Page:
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Eosinophilic Esophagitis (EoE)

Eosinophilic esophagitis (EoE) is an allergic reaction. It occurs in the esophagus. This is the tube that leads from the mouth down to the stomach. The immune system responds to an allergen by making white blood cells called eosinophils. The esophagus then becomes red and swollen. EoE is much more common in people with asthma or allergies.

What causes eosinophilic esophagitis?

Researchers are working to understand the causes of EoE. It may be caused by allergens in the environment. Or it may be caused by food allergens. Foods that are often found to be the cause of EoE include wheat, dairy foods, eggs, and soy. You may be at higher risk for EoE if you have a family history of allergies or EoE.

Symptoms of eosinophilic esophagitis

Symptoms of EoE vary from person to person and may include:

  • Trouble swallowing

  • Chest pain

  • Pain in the belly (abdomen)

  • Vomiting

  • Food getting stuck in the throat (a medical emergency)

Diagnosing eosinophilic esophagitis

Your health care provider will ask about your health history and symptoms. He or she will likely want to test you for allergies. You may have an endoscopy. A thin, flexible tube (endoscope) is passed through your mouth and down your throat. The scope has a camera. This lets your health care provider look at your esophagus. The doctor will check for signs of inflammation and an increased number of eosinophils. You may have a biopsy during the procedure. This is a small tissue sample taken from your esophagus.

Other diseases can cause eosinophils in the esophagus. These include gastroesophageal reflux disease (GERD) and inflammatory bowel disease. Your health care provider will check for these.

Treatment for eosinophilic esophagitis

You will likely work with special doctors for treatment. You may see an allergy doctor. And you may see a doctor who treats digestive problems (gastroenterologist). Your treatment may include:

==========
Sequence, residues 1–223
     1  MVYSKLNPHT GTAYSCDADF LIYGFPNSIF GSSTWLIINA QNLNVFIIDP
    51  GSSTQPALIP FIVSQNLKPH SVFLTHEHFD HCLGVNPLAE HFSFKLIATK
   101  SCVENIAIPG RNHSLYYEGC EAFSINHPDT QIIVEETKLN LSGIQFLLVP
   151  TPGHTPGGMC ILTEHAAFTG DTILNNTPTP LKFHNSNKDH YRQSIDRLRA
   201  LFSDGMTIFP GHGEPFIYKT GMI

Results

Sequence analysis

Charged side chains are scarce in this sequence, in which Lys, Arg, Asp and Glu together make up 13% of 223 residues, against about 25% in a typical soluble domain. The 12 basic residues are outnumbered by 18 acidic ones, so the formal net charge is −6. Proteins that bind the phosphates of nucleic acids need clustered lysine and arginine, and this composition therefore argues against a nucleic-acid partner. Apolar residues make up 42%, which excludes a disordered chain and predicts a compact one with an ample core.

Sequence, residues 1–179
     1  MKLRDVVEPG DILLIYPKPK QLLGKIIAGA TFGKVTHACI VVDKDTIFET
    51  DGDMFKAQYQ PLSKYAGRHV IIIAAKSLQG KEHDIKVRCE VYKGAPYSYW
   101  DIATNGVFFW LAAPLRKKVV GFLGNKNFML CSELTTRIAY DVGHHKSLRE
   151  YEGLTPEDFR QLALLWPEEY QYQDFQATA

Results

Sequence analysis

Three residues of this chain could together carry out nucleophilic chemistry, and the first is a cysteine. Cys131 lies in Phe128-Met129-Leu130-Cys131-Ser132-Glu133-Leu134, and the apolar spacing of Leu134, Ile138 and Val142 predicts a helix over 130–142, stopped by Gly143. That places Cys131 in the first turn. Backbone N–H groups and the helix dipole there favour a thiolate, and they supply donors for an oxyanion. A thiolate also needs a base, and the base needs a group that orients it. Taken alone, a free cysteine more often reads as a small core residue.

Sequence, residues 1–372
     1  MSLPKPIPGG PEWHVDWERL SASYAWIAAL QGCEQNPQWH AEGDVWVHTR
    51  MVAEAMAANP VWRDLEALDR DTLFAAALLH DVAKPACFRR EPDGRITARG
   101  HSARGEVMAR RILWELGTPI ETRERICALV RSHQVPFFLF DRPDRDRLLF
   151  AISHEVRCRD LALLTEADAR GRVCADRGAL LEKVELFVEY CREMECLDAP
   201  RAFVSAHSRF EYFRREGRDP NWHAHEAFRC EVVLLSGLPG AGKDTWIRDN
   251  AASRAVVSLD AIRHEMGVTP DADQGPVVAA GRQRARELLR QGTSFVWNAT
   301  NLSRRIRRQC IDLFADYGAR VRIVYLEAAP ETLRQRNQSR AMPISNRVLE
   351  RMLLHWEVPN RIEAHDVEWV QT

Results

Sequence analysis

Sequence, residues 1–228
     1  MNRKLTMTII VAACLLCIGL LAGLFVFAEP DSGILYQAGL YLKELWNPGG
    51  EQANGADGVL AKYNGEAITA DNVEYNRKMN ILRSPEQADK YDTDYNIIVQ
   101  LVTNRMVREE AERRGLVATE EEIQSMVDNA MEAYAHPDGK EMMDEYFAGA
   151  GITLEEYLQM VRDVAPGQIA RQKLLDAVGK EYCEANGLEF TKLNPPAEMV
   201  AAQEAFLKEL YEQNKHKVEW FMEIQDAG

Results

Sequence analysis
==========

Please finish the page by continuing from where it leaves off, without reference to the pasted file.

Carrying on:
• Medicine. No medicines can cure EoE. But some can help reduce the redness and swelling. These include corticosteroids and proton pump inhibitors.

  • Elimination diet. Not eating certain foods can also help reduce the redness and swelling in your esophagus. These may include dairy foods, egg, wheat, soy, peanut, tree nuts, and fish. Your health care team will give you a plan for finding out what foods may cause your symptoms. This will likely include an elimination diet. On this type of diet, you eat very few foods at first. You then slowly add more foods to see if you have a reaction. An EoE reaction may take days or weeks to develop. Keep this in mind when starting a food elimination diet. It may take some time after avoiding a food to see if that strategy worked.

Living with EoE

You can help manage EoE by learning what things cause your allergic reaction. You will need to avoid these things ongoing to prevent symptoms of EoE.

When to call your health care provider

Call your health care provider if you have any of the following:

  • Increasing weight loss

  • Increase in vomiting

  • Chest pain

 

When to call 911

Call 911 if you have:

  • Food stuck in your throat

  • Trouble breathing or talking

Online Medical Reviewer: MMI board-certified, academically affiliated clinician
Online Medical Reviewer: Turley, Ray, BSN, MSN
Date Last Reviewed: 6/10/2015
© 2000-2017 The StayWell Company, LLC. 780 Township Line Road, Yardley, PA 19067. All rights reserved. This information is not intended as a substitute for professional medical care. Always follow your healthcare professional's instructions.
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